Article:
The World Meteorological Organization sets the names, which are now “recycled” every six years unless a storm is so bad the name is retired.  Let’s hope this isn’t the end of the line for Hurricane Irene.

Columns, Photos

A Storm Named Earl

As soon as a hurricane watch had been issued for coastal Delaware, I began clearing the decks at work. Meetings were postponed. Deadlines changed. Even Ted Turner’s people were gonna have to wait to discuss a charitable contribution. Earl was coming and I needed to be in Rehoboth.

Hurricanes, for those of you who don’t know, are in my blood. Most families bond around holidays, birthdays, and anniversaries. For me and mine, its hurricanes. September and October is our holiday season and my ninety-four year old grandmother is the high holy empress, watching over the tropics, calling with warnings, and spinning tales of hurricanes past. A native Floridian, she has experienced many a hurricane and is mighty proud of the fact that she’s only ever evacuated once. Against her will, of course.

I arrived in town on the Thursday night before Earl was due and found the Blue Moon hopping. It wasn’t a hurricane party per se; most people were there for karaoke. But at least the TVs were tuned to the Weather Channel. There was a hint of excitement in the air and much amusement about this storm named Earl.

For me, the name Earl conjures up an image of a big ol’ bubba who enjoys Garth Brooks music, Bojangles Fried Chicken, and pontoon boats. He owns a countrified yellow dog, the kind you see riding in the back of pickup trucks and on tractors.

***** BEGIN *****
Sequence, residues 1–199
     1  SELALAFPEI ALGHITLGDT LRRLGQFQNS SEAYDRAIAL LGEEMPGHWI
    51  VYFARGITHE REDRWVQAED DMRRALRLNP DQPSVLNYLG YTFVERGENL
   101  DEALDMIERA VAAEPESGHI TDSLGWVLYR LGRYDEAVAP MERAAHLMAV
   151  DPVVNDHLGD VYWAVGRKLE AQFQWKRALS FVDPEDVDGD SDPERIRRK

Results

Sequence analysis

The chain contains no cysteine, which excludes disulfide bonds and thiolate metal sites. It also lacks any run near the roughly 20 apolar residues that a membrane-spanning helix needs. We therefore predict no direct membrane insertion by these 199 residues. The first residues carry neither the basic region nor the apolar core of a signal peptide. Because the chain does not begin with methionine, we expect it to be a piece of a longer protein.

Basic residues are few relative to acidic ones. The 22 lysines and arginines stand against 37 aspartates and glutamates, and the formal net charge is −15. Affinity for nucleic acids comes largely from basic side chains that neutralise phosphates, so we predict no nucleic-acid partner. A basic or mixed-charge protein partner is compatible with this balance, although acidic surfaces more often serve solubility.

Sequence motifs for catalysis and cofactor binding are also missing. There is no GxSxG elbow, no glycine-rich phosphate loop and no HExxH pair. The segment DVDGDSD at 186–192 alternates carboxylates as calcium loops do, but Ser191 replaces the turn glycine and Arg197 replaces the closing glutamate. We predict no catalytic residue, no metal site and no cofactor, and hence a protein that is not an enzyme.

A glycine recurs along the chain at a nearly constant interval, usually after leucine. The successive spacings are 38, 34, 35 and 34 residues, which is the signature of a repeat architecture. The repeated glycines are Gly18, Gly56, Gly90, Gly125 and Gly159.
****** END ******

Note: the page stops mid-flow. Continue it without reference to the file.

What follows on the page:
A few of the fellas I spoke with in the Moon, however, had other ideas. They thought that Earl could be kind of hot. A former high school jock with big biceps, a big belt buckle, and the beginning of a beer belly. A good-looking, goateed-guy in an Auburn ball cap who likes nothing better than to kick back with a Budweiser and let someone else do all the work.

It was the liquor drawing forth these fantasies. But in any case, there was unanimous agreement that Earl was a name better suited for a Gulf coast hurricane rather than one threatening the Mid-Atlantic, Long Island, and Nantucket. This led naturally into a discussion of who actually names hurricanes. On that note, I ordered another dark rum and tonic and began telling what I knew.